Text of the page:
On Mon, 12 Nov 2001, Alexander Viro wrote:
> [Cc'd to Linus since API changes on that level definitely require his
> On Mon, 12 Nov 2001, Nathan Scott wrote:
> > +static long
> > +extattr_inode(struct inode *i, int cmd, char *name, void *value, size_t
> > size)
> a) passing inode is an obvious mistake. dentry or vfsmount/dentry.
There are curently two paths by which the extended attribute inode
operations can be invoked: (a) from a system call, (b) from the
permission() inode operation, when checking the access ACL of a file. We
could trivially use a dentry in (a), but unfortunately we don't have a
choice in (b), as permission() itself is not passed a dentry.
It's planned that all inode operations use dentries somewhen in 2.5.
This would be the proper time to move to dentries in the EA code as well.
> b) for crying out loud, what's that with SGI and ioctl-like abortions?
> Rule of the tumb: if your function got a "cmd" argument - it's broken.
> ioctl(2). fcntl(2). prctl(2). quotactl(2). sysfs(2). Missed'em'V IPC
> syscalls. Enough, already.
There is one difference between the interfaces you are complaining about
above and the proposed EA interface for EA's: In those interfaces you have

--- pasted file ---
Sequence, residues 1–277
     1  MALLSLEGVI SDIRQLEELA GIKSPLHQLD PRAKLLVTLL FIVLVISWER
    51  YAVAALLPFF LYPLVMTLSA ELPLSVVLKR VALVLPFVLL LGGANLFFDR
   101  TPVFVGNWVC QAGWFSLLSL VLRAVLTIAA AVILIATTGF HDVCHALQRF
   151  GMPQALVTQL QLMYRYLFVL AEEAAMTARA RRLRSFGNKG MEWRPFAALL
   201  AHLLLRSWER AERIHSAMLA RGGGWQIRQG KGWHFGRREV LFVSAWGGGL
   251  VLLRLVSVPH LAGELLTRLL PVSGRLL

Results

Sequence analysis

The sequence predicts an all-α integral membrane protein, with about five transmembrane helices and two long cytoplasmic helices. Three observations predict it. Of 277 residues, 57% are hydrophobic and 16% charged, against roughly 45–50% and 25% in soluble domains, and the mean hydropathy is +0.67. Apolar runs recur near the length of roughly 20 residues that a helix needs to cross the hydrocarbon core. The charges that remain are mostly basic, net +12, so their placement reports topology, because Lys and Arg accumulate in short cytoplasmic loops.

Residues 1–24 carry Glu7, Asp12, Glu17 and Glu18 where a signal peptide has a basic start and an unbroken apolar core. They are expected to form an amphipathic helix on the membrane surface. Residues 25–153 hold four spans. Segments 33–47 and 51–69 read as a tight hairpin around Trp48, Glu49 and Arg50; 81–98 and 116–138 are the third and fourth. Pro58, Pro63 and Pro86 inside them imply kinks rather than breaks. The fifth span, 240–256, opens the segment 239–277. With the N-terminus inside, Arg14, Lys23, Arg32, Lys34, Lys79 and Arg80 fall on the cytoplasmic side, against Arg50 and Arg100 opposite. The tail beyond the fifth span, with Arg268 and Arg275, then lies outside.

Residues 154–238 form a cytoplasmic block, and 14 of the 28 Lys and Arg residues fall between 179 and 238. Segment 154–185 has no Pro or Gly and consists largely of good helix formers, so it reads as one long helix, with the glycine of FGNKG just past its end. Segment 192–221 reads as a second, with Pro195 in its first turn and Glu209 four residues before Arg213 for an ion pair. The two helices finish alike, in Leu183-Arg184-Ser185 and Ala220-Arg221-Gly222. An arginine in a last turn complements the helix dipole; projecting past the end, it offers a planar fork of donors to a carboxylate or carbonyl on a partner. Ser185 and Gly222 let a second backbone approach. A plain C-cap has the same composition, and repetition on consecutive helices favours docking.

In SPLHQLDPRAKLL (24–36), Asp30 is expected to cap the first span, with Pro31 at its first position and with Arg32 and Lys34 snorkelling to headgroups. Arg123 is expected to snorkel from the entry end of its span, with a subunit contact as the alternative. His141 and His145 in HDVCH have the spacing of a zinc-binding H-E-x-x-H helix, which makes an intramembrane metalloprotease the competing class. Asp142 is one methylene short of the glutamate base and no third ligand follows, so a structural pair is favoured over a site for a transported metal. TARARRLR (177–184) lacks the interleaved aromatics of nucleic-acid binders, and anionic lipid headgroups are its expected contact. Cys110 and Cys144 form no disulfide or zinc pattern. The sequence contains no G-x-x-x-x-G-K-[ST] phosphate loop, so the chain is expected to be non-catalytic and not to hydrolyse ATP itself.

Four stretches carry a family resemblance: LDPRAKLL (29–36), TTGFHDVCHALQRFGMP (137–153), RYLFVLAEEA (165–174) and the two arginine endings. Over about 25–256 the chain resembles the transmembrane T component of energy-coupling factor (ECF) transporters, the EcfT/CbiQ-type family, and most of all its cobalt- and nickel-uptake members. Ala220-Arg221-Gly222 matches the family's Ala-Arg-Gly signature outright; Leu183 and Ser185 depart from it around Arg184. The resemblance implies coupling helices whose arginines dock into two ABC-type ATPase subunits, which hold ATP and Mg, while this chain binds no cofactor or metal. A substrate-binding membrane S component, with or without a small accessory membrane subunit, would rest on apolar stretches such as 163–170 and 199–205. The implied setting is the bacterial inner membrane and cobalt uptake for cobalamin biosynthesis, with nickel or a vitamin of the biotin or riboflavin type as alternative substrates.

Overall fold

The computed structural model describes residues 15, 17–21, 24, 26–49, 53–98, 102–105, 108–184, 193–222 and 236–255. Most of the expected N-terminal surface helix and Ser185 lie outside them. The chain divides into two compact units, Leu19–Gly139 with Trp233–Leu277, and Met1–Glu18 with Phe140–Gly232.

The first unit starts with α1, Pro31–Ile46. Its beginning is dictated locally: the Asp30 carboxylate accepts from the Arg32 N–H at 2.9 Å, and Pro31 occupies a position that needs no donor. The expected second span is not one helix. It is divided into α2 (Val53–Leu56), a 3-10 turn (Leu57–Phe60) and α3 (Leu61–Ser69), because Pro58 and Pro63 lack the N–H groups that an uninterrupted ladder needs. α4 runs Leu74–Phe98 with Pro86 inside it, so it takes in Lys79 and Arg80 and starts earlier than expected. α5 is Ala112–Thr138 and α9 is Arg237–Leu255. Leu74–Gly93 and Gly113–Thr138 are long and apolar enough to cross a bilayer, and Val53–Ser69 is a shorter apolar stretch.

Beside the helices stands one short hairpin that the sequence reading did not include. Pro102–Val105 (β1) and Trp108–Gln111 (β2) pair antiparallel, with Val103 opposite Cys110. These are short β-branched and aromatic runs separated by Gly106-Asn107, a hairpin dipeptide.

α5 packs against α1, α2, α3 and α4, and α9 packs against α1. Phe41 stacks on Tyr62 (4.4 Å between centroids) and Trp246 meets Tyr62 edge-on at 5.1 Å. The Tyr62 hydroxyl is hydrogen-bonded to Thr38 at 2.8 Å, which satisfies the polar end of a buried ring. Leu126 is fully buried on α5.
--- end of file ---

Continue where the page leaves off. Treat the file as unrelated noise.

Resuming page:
wildcard parameters that are used for who-knows-what, depending on a
command-like parameter, including use as a value, use as a pointer to a
In the EA interface we have clear semantics of what the parameters' types
and sizes are, so many of the problems there are with ioctl() and friends
don't occur here. You could as well call the `cmd' parameter a `flags'
parameter here, then you're pretty close to the open() syscall.
It would be possible to split the EA syscalls in a set for retrieving and
aonther set for setting EA's, and perhaps still a third set for listing
the EA's that are present. Those syscalls would only differ in their
names. I would consider it much more useful to provide functions in a
library for dealing with EA's in user space, which in turn would use the